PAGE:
There is great power in that. There is power in praise. They were praying and singing to the Lord, and the prisoners were listening. Those who are in the prisons around us listen to our music. You can witness through your music. Good or bad, you will witness through your music. I know that sometimes (this was not in my notes) sometimes I’ll get in a car that I’m renting, happens frequently, and you push the button to turn the radio on and you can learn something about the former renter. So realizing that whenever I rent a car as I’m going sometimes down the long roads I find all of the Christian stations, maybe even a few classical stations, and I preset them so that, and sometimes there’ll even be a sermon on and when the attendant takes the car back and he’s checking. He has to turn it on to check the gas gauge to see if I’ve left it full, he gets to hear at least a little snippet of something. I want to witness through the music. So the prisoners were listening to them. One time a Christian was giving me a ride, supposed to be a Christian, from the airport to the place where I was going to speak and he said, “Oh, I want to catch the news.” And he turned on his radio but what he had been listening to prior to the radio was on.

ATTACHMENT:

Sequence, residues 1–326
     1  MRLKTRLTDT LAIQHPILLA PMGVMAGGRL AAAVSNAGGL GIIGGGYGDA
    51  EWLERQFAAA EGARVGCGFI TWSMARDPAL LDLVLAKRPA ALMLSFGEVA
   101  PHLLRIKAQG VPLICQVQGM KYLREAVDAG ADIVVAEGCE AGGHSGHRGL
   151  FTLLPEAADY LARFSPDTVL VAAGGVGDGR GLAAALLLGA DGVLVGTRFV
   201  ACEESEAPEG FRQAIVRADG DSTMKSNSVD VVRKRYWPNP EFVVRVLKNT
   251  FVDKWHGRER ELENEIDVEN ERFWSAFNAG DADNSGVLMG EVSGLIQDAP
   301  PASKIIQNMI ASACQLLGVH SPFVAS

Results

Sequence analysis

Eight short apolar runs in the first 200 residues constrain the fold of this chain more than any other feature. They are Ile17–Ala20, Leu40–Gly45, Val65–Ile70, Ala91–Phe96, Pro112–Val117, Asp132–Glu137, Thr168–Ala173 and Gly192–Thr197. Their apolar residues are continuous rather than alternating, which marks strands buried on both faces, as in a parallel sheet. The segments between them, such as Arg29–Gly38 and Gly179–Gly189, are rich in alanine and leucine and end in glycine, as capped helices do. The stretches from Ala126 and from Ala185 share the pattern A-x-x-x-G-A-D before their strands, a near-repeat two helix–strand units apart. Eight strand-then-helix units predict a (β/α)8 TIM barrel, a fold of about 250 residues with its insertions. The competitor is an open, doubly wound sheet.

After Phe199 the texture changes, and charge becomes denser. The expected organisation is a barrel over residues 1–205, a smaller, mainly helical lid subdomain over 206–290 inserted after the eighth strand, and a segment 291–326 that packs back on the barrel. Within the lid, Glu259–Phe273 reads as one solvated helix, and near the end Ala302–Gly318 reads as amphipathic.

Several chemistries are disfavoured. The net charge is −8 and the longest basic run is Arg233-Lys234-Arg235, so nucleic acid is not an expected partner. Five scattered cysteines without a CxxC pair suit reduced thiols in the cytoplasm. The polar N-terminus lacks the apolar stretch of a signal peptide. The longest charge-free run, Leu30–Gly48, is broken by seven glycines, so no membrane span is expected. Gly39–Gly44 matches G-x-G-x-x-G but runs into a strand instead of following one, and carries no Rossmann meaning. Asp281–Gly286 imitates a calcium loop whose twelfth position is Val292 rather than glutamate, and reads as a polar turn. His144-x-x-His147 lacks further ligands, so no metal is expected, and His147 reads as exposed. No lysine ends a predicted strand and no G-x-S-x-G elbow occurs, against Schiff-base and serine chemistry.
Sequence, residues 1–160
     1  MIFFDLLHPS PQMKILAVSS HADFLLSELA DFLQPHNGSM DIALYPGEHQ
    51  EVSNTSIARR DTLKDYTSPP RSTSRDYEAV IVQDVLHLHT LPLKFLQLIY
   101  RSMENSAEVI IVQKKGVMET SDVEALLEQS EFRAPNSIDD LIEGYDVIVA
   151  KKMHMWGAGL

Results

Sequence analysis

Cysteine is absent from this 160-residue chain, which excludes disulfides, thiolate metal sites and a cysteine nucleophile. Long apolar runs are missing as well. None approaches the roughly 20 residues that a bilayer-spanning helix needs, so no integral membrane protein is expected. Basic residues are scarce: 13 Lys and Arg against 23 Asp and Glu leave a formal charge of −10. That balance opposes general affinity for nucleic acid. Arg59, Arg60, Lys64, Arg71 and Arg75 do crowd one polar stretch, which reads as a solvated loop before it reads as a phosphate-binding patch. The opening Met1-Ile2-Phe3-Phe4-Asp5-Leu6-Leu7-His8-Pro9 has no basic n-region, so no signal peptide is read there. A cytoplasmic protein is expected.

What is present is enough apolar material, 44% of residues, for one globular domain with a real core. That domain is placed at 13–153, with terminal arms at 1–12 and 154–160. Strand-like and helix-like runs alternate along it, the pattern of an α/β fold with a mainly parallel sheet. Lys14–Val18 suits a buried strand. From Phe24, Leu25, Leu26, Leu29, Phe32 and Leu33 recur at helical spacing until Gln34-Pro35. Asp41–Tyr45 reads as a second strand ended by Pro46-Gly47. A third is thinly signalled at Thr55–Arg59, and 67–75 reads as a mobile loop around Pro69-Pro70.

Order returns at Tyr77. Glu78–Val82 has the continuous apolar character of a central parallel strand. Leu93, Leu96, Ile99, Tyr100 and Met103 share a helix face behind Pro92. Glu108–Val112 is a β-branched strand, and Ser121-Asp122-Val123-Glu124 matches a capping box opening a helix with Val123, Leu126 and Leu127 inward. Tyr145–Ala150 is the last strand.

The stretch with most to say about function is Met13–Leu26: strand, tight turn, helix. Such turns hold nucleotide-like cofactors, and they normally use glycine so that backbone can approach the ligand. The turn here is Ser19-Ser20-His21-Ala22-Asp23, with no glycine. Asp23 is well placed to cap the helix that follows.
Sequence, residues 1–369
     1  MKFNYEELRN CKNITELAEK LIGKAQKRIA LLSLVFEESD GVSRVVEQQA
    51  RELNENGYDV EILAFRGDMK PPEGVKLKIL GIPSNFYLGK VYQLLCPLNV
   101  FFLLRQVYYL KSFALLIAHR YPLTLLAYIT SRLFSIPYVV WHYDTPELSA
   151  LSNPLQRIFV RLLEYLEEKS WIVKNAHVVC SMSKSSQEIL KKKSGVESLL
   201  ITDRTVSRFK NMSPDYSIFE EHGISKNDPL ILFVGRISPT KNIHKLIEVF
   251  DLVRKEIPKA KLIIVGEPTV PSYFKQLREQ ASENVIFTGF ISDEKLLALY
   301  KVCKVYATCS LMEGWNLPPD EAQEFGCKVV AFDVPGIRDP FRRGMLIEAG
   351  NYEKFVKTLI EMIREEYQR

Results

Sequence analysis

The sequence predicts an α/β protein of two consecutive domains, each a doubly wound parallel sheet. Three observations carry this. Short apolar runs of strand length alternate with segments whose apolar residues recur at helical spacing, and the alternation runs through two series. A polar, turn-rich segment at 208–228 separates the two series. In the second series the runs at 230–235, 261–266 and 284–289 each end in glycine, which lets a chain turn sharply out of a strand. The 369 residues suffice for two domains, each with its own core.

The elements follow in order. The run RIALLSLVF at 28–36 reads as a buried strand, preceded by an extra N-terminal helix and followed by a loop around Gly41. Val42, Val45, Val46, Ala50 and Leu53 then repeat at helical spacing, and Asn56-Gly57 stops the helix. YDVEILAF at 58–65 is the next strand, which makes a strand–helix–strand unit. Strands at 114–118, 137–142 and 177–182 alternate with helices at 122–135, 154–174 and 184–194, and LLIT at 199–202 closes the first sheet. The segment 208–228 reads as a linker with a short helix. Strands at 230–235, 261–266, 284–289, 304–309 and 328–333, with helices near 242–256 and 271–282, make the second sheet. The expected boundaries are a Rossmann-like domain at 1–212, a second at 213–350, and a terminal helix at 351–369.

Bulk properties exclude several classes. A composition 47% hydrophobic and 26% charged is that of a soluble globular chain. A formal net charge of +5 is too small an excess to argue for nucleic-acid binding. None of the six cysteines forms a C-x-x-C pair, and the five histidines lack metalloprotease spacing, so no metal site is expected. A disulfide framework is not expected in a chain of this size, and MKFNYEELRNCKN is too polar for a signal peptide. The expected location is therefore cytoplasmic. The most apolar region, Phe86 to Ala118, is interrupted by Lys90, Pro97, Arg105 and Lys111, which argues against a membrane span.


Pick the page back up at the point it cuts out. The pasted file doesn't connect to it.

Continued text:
I thought to myself, he began to fumble real quick with the knobs because he was listening to something that no Christian should listen to, in my opinion. It was a bad witness, and I could see by the flush in his face that he didn’t expect the pastor to hear that. When he had turned it off it never occurred to him that the pastor would be hearing what he had been listening to. He couldn’t say that it was just because the change of the station happened. It was a CD in the car. So the prisoners were listening to them, and the Bible says, “suddenly there was a great earthquake, so that the foundations of the prison were shaken:” God sent an angel, I believe, “and immediately all the doors were opened, and every one’s chains were loosed.” There was a great liberation because of their song. There is power in music to free. This is what it did for Saul. The right kind of music. This was the kind of music that could be set to prayer because they were praying and singing. There was a harmony between the prayers and the songs. A lot of music I know that you’ve heard in the church doesn’t sound at all like prayer, fess up, but their singing was partnering with prayer. As a result of that they were set free and those around them were set free. Not just their chains were broken, but everybody’s doors were opened. Would you like to know that kind of music? We need to know what that kind of music is because it’s powerful.